The Committee’s report, submitted to Government in September 2004, identified, evaluated and ranked nine major energy sources. These were oil and gas, hydropower, nuclear, solar, coal, wind, biomass, hydrogen fuel cell, and wave and tidal. It recommended that in addition to current sources (oil, gas and hydro), national efforts should to harness nuclear and coal to diversify the national electricity generation base. Indeed, it further reasoned that excess revenues from the oil and gas sector can be invested now to develop and harness other energy resources for sustainable development. The big question, however, is how feasible is the nuclear energy option?
According to Osaisai, as at the end of 2009, there are about 450 Nuclear Power Plants (NPP) operating in more than 30 countries, which supplies about 16 percent of the global electricity. More than 30 new plants are under construction in different countries of the world. Majority of these plants are located in the industrialized countries including the United States, France, Russia, Sweden and South Korea. Quite a number of other emerging economies such as China, Brazil, India, Kuwait and Iran generate significant electricity from NPPs.
“In Africa, countries like South Africa, Egypt and Tunisia have already begun implementation of nuclear energy, with many planning to introduce it in order to meet their energy needs. As it stands now, there is a strong global nuclear renaissance for electricity generation, both in terms of expanding current capacity as well as introduction in some countries,” he noted.
He added that preliminary assessment has shown that with proper planning and structured implementation, Nigeria stands to gain much from exploiting nuclear energy resources. “As an emerging economy with limited infrastructure, Nigeria would only adopt an established nuclear power technology with a good track record and operation experience.
Such a technology should be reasonably standardised, amenable to easy maintenance, with clearly defined vendor support programmes and suitability for eventual domestication,” he explained.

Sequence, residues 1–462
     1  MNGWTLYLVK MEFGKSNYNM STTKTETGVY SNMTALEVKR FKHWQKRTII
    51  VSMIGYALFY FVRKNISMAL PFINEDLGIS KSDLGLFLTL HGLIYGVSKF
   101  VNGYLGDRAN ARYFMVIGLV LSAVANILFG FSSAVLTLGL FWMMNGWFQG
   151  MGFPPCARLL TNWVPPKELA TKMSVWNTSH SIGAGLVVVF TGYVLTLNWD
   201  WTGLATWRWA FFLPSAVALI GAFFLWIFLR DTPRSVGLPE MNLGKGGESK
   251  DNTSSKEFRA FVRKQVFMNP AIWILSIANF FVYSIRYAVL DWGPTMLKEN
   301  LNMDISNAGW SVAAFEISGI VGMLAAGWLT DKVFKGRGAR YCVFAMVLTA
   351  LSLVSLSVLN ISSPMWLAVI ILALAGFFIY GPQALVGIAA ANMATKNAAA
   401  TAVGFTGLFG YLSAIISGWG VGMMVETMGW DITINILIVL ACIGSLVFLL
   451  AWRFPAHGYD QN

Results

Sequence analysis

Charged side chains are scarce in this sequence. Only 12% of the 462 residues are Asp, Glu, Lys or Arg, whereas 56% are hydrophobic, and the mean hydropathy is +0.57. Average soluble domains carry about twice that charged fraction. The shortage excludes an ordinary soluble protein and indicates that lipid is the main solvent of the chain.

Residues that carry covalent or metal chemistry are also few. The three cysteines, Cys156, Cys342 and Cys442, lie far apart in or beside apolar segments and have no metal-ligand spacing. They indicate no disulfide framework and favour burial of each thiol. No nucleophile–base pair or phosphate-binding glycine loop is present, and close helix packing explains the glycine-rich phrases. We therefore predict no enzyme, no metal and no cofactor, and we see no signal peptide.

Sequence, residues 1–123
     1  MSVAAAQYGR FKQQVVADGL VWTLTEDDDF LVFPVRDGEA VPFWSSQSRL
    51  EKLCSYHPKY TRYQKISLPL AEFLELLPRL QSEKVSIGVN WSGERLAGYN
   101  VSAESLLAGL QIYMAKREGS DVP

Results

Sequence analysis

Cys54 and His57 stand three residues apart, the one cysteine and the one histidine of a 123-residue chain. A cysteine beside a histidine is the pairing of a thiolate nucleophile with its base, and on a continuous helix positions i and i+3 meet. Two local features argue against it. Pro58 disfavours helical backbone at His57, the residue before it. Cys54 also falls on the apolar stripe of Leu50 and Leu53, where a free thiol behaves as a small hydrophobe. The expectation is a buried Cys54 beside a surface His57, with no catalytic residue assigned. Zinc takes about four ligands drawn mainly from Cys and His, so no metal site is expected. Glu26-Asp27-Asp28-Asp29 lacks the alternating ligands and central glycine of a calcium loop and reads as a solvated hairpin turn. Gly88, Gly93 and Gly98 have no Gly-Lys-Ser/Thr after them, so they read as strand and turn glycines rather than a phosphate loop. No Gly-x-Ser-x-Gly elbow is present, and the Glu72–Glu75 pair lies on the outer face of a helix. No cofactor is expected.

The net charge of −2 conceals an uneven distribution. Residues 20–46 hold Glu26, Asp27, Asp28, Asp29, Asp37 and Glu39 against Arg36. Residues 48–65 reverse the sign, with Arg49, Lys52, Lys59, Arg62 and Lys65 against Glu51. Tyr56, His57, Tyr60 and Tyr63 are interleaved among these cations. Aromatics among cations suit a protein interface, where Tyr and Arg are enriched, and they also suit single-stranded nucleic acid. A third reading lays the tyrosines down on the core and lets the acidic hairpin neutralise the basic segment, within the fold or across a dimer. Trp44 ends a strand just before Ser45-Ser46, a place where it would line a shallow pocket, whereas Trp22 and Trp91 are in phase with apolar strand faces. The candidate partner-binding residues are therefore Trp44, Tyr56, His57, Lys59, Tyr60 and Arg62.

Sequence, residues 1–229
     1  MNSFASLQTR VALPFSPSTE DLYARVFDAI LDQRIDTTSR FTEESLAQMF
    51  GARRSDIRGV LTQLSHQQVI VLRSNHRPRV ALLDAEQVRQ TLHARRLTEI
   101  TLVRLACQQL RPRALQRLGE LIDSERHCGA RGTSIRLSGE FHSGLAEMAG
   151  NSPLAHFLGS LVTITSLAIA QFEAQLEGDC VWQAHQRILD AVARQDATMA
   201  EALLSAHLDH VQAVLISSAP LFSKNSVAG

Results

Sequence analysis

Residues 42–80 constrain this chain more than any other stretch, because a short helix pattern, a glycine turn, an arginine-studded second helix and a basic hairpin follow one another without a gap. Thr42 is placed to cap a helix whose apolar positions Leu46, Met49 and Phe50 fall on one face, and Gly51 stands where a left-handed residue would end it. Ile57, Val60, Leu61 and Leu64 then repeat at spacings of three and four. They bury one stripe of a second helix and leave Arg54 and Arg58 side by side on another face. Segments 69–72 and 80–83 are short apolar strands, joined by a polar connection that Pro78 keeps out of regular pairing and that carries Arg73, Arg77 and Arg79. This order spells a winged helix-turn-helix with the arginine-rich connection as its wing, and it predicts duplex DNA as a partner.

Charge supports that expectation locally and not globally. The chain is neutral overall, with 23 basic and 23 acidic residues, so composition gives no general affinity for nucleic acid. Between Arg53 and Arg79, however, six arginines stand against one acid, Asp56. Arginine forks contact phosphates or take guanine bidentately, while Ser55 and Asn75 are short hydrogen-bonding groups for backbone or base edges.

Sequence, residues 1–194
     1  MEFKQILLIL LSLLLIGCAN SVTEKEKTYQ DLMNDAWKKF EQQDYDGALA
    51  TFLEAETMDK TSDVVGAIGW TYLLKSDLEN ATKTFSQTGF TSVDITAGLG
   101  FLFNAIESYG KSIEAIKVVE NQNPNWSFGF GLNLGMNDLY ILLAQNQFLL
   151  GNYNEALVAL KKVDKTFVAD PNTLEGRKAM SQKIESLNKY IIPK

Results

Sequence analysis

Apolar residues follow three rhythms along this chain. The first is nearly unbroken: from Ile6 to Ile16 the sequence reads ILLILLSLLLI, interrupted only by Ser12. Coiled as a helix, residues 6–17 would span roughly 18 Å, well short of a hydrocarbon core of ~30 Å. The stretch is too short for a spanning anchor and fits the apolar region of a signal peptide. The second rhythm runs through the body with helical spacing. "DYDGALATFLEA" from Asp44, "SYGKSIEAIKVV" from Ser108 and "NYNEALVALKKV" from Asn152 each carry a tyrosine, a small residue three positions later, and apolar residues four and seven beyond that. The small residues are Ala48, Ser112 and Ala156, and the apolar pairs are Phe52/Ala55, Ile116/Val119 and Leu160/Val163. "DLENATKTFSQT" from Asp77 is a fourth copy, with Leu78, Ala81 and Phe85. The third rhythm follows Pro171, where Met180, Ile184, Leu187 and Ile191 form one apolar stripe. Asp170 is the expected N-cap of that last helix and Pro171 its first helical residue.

The NAEC boss pointed out that the inherent features of a nuclear power programme make it the most relevant and efficient energy generation technology for the country. He said, “It is a known fact that nuclear technology entails high initial cost and long construction period compared to other technologies. For this reason, it does not present immediate returns in financial investment, and it may be predisposed to cost overruns and construction delays in the environment of regulatory uncertainty.
Therefore, long term government commitment and public support (in terms of political and policy stability) is required to actually get it off the ground and running.
“However, operating a nuclear power technology would in the long run be more beneficial as it entails low maintenance and operating costs, higher availability and capacity factors, and longer lifetime, with a plant lasting over 50 to 60 years. It also has least potential for contributing to climate change.”
Osaisai added that due to the need to secure nuclear material, nuclear projects must be committed to an international regime of oversight and governed by one standard of safety, security and safeguards and international treaties and conventions. “There is a constant subjection of Nuclear power projects to rigorous international security and safety instruments towards ensuring the highest safety standards, as well as insurance and physical security. This fact underlines the absolute need for a highly effective and responsive regulatory and management system, which NAEC and other agencies have been doing.
“The Nigeria Atomic Energy Commission is the focal agency of the Federal Government of Nigeria to develop and deploy nuclear technology for national socioeconomic development with full commitment to nuclear safety, security and safeguards. To actualize this, NAEC is partnering with the International Atomic Energy Agency to ensure that the mandate is achieved with international best practices,” he said.